MANILA, Philippines — The Filipino-American co-director of the box-office hit “Inside Out” says it’s a dream come true for him to be sharing with Filipinos the animated film he helped create.
“It’s kind of a surreal experience because I just watched movies here growing up,” said Ronnie del Carmen, a former advertising art director who migrated to the U.S. in 1989 at age 29. He said he loved movies but never expected to be doing films.
He joined Pixar in 2000, and before that worked as story board artist for “Batman: The Animated Series” and for DreamWorks as a story supervisor.
“It’s an amazing experience because I’m not just coming home, there’s a movie I helped make that’s opening here,” he said. “It’s a dream come true.”
He and director Peter Docter spoke to journalists Friday in Manila, the last leg of their Asian tour to promote “Inside Out.” The movie that opens in the Philippines on Aug. 19 has earned $630 million at the box office so far.
The two directors, who also collaborated on “Up” with Del Carmen as story supervisor, said they drew from some of their childhood experiences as well as their children’s for the movie they also co-wrote.
Docter said it was a challenge to create characters to illustrate the emotions and gaggle of voices in the mind of 11-year-old Riley, who moves with her family from the Minnesota of her childhood to a run-down town house in San Francisco.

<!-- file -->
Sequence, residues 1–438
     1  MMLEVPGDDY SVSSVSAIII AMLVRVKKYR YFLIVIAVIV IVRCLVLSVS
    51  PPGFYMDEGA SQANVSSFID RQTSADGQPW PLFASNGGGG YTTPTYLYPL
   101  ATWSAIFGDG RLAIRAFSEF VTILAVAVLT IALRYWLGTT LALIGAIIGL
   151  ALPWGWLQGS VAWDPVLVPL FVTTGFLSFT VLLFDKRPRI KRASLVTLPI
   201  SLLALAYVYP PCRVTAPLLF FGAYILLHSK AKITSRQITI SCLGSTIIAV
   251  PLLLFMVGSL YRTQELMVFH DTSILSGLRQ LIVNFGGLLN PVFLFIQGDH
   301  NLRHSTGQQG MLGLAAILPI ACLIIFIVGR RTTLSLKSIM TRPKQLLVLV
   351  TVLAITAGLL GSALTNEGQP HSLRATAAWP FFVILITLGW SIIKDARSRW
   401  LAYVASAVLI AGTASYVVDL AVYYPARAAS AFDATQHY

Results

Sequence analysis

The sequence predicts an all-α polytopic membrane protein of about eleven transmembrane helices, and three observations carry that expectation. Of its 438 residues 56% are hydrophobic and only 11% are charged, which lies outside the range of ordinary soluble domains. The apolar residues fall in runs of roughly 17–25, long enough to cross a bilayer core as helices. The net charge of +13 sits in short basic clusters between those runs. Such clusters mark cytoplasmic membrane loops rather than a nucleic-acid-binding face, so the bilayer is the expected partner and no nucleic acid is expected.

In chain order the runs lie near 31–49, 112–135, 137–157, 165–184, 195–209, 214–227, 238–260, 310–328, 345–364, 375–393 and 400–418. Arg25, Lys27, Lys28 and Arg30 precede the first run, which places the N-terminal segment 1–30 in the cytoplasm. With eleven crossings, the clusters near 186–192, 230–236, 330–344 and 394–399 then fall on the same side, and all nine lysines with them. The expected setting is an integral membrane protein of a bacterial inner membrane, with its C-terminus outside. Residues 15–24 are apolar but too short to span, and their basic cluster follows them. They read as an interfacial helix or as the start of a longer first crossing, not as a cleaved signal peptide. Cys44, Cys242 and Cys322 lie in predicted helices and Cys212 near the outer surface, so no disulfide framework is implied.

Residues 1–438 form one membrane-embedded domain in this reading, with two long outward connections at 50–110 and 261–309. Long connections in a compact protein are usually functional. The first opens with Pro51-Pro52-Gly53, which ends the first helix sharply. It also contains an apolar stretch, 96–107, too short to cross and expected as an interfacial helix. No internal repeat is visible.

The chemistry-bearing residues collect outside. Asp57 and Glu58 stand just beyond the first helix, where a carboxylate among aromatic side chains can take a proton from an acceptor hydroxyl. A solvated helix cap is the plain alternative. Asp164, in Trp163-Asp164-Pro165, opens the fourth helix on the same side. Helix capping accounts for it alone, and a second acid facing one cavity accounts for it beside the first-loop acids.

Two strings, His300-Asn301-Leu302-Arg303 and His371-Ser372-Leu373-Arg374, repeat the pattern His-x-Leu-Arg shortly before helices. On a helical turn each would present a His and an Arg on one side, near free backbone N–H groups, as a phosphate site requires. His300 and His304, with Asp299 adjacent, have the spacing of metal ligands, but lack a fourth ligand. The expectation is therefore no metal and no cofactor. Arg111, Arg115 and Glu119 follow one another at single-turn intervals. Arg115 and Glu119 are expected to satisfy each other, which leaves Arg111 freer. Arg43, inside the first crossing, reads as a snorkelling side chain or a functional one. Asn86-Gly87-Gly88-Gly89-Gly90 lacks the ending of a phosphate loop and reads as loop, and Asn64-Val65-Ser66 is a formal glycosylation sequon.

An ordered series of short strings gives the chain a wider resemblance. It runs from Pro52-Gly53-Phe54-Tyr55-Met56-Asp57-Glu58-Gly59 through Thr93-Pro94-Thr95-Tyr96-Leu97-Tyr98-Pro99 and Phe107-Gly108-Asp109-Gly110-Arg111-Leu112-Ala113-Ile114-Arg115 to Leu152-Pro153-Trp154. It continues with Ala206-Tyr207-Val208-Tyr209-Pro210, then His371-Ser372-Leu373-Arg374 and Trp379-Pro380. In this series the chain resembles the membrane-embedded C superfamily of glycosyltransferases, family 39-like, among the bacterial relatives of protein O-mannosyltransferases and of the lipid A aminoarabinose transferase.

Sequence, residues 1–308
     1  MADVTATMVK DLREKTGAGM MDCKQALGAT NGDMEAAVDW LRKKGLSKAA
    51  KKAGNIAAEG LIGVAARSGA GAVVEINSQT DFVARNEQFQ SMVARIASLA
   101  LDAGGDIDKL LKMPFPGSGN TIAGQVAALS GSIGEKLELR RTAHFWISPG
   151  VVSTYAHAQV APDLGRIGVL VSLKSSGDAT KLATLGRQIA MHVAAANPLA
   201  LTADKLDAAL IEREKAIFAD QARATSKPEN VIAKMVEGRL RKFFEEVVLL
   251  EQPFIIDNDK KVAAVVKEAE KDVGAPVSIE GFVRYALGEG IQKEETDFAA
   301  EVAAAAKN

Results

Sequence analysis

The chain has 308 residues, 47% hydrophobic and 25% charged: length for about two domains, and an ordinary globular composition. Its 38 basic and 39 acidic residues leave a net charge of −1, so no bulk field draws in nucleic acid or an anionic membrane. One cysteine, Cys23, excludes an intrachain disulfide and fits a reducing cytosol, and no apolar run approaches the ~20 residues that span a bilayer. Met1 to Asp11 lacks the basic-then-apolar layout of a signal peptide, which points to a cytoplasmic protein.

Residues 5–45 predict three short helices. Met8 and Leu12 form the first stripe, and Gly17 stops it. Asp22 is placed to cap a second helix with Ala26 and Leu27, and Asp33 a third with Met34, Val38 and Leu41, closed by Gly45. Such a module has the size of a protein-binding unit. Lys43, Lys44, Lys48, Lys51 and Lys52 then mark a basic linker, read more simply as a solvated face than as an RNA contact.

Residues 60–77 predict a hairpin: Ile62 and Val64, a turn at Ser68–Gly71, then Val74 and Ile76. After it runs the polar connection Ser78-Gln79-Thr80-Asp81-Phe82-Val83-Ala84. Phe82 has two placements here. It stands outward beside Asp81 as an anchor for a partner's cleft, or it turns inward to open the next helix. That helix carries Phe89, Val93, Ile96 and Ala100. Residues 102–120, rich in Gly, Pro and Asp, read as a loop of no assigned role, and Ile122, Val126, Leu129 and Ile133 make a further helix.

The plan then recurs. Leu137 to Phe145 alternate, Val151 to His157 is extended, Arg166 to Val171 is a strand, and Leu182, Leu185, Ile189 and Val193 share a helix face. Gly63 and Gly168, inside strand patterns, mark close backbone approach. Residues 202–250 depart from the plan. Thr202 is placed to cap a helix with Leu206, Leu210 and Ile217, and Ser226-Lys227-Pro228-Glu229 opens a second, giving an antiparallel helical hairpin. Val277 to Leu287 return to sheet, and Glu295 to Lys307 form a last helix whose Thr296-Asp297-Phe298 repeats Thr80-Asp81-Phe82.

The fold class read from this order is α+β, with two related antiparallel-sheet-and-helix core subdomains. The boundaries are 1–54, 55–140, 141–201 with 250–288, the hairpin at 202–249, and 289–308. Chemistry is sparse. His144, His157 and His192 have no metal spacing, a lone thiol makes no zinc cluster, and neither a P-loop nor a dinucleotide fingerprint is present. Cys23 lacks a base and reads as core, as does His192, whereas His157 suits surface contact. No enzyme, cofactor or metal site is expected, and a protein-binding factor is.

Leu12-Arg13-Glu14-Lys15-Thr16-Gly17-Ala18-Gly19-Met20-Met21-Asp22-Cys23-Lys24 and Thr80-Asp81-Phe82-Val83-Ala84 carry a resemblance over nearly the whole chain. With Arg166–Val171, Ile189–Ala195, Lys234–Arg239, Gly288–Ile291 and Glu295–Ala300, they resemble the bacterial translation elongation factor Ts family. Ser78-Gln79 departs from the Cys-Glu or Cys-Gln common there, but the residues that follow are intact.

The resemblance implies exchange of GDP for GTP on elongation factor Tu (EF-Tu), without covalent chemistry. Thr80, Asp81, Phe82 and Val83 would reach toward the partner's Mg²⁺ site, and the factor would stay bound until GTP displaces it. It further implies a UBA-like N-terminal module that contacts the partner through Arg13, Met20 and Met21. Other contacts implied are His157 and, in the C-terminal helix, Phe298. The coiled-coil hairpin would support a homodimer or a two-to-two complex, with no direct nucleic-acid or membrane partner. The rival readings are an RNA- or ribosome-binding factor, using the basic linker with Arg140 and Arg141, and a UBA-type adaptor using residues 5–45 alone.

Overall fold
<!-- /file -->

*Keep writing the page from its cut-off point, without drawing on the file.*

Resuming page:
Sadness begins creeping in Riley’s core memories, where bubbly Joy earlier reigned supreme. Anger, Fear and Disgust complete the five emotions in the “headquarters” of her mind.
Docter said they had to consult psychologists and had to pare to five what some experts claim to be as many as 27 emotions. They also had to find the right look for each emotion to remind filmgoers that the characters are the personification of feelings and are not little people.
“I think it’s simultaneously the most sort of realistic film we’ve ever done and completely fantasy at the same time,” Docter said. They used San Francisco and Minnesota as settings aside from Riley’s mind.
He said it was a real challenge “because we decided to set it not in the brain but in the mind, so it’s not blood vessels… its consciousness, personality, so we talk about these very abstract things.” They also used moving as a metaphor for growing up, he added.
Del Carmen said in the end it’s a movie about family, not just Riley and her emotions.